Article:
Here follows a few points that come to mind from my first 100mile attempt yesterday at the thames gateway 100.
Race choice is really important and I really should have made a better choice in picking my first 100 miler attempt as even though the organisers were keen and an event of this size is hard to put together, there were many areas lacking and with a 100 you need as much help as possible.
A "decent" 50 mile runner does not mean you can do 100!
If the route description isn't great on a section you didn't recce at the start then follow someone (safety in numbers)!
Totally cocked up footwear choice. Luna's were NEVER the choice and the VFF's Spyridons were not much better. Don't get me wrong I love Luna's but you also need to know when sandals and even VFF's are not going to cut it. Yes many people run massive ultras in these in the U.S. but most of these barefoot or minimal shoes are designed for use on rocky dirt trails where they never see rain or mud.
Although pacers are a great idea, you need to be careful as they can be a double-edged sword. I will be forever grateful for my friends for stepping up to the task but I'm not good enough to forecast actual pace especially when the course and elements combined with the above point worked against me and I was feeling bad if I had them waiting around for ages in the night.
My delay due to the silly footwear decision on the NDW "fell section" at around 12 miles meant I started feeling bad for my crew. I know they were understanding but I still felt guilty for not holding up my part of the deal with pace even though this was probably the hardest section of the course and the weather was now hammering it down. It takes a very special type of person to crew!
It's not realistic to have a single pace to stick to. I'd broken the race into chunks but should have looked at the course in more detail as I was always going to be slower in the hilly first section so I was playing catch up in my head continuously.
I started to have thoughts of dropping early on and need to work more on my mental strength especially later when I got to the halfway point and had the difficult night section ahead of me. I was told by my friend, experienced Race Director and Crew guru Karen Webber at his point that most newcomers quit at this point and I should push to 60 but I had nothing but doubts. Mental note to plan something special for this point? I.e. change of kit, something nice to eat... Whatever works?
Running with other racers helps dramatically. As soon as I started to run with others then the pace and moral rose.
Recce's are amazing. Knowing what is coming up and not having to analyse nav during the race cannot be underestimated. I chose to recce 50 of the 100 miles before hand but if I'd reviewed the "fell section" then .... Who knows? I picked the night section which was probably wise but again not enough analysis.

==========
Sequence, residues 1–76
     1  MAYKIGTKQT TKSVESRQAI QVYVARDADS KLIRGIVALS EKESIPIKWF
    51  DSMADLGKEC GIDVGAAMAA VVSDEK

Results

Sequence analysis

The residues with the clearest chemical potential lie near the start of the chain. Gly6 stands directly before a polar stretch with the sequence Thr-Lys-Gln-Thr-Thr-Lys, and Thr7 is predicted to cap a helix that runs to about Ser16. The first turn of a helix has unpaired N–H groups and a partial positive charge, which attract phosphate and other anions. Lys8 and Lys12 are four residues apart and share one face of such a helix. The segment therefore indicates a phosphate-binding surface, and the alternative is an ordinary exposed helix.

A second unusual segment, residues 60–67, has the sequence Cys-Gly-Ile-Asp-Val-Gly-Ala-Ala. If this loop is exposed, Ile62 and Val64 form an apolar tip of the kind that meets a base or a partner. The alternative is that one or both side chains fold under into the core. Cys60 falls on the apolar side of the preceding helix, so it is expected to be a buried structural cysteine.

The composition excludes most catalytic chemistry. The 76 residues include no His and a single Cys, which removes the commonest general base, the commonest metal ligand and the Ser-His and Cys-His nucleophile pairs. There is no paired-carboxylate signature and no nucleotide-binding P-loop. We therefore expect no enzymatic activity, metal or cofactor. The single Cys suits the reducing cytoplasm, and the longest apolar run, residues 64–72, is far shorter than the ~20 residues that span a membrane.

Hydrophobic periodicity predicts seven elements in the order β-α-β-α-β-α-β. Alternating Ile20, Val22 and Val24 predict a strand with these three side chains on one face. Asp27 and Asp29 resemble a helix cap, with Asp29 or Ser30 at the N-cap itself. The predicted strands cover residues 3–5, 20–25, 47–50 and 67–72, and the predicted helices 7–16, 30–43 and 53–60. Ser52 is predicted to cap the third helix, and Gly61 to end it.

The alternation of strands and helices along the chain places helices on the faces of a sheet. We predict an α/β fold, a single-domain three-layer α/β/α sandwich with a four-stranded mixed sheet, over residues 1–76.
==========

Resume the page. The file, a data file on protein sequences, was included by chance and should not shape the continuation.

I'd took the time to prepare my food and drink and got a large plastic box and brought the usual ultra classic treats of full fat coke, iso drink, bananas and of cause fig rolls! I also stocked up on crisps, nuts, rolls, cereal bars, shortbread, fruit cocktail, boil in the bag meal and my fav pepperoni's but didn't didn't eat any of this of course.. I pretty much ran for 12 hours on solely fig rolls! Though I didn't feel too bad and never hit the wall, I felt that I was missing out on something. My previous ultra aid stations had boasted quality wraps, fruits, and hot drinks but even though there was food on offer, nothing really jumped out at me. If there is a next time I need to put a lot more thought into food prep. Sandwiches with nice fillings, nice sausages, cooked meats, fruit and warm drinks (essential in the soaking cold conditions). There's only so many cheap value sausage rolls and cold pizza that can be eaten.
If unsupported then drop bags are a must! Should always include a number of changes of clothes including "worst case" comfy trainers (lots of people running in Hoka's which look über comfy but I still think look strange).
Generally I feel I'd recovered well from my earlier poor section and I only realise now that I was actually doing quite well compared to the rest of the field. By the time I got to aid station 5 I'd caught up with a few other runners and a number had already withdrawn. I left the stop and started back on the course feeling ok for now. I was running with the others including a guy that I'd seen previously at some events. (One of the greatest things about ultra running is that you can actually "run with the stars".) I managed to keep with this small group most of the time for 20 miles and whilst running with them worked out that these guys were of high long distance pedigree with most of them I believe 100 marathon club members and veterans of multiple 100's. I felt I wasn't in the same class as these guys and they didn't seem like they were even trying at times. One thing I did notice was that they ran/walked quite often even on the flat, they also said occasionally running up hills helps the strain on the quads. I guess this all saves the legs for later?
I found out after the race that these guys were the only people left standing at the end finishing in just under 29 hrs (30 limit). My schedule was for sub24 so if these guys were finishing near the cut-off then I need a re-think. I've learnt a lot from this attempt and the only real decision left is if I ever have another go?